Let’s face it, there are some cool rifles out there.
There’s the HK416, a derivative of the M16 that is best known as the rifle used by SEAL Team Six to kill Osama bin Laden. There is the Steyr AUG, a so-called “bullpup” design that packs a full-sized rifle in a shorter package.
There is, of course, the M1 Garand, celebrated by George S. Patton and R. Lee Ermey.
Others don’t fare so well, like the Canadian Ross rifle, an effort by America’s northern neighbor to be self-reliant in at least some aspect of small arms. It didn’t work, and today Canada uses a version of the M16 known as the C7 alongside a variant of the M4 carbine called the C8.
Even the Germans had a recent dud in the G36 rifle, which they are trying to replace.
One possible contender for this replacement is the HK433 rifle — basically an effort to take the best features from the AR-15/M16 platform, which includes the HK416, and the G36. Yes, the G36 had some virtues, including its ability to be operated by both right-handed shooters and southpaws.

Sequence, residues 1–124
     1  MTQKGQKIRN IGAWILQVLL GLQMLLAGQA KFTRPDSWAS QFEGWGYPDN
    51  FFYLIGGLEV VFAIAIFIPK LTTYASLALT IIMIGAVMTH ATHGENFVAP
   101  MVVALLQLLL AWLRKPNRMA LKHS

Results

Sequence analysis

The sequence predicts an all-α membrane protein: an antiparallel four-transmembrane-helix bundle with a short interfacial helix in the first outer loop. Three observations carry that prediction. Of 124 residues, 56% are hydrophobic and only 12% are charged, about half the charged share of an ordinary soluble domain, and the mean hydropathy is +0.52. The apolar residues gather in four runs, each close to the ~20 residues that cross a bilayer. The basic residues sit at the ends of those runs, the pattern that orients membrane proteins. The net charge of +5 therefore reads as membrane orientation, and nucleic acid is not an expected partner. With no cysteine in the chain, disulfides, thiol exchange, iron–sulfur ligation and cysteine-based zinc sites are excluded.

According to a handout from Heckler and Koch that was available at the Association of the United States Army annual exhibition in Washington, D.C., the HK433 offers operators the choice between the operating concept of the M16/M4/AR-15 and that of the G36. But this rifle, chambered in 5.56x45mm NATO, is customizable in many more ways.
There are six choices for barrel length, from 11 inches to 20 inches. Two color options, black and “flat dark earth” are available. The rifle can handle a grenade launcher, optics, and a suppressor.
The rifle also includes an adjustable cheek rest, a round counter, a magazine well that is compatible with both the AR-15 and G36 magazines, and a foldable and retractable buttstock.
And as the U.S. Army takes a look at its potential future rifle, the HK433 could be a contender.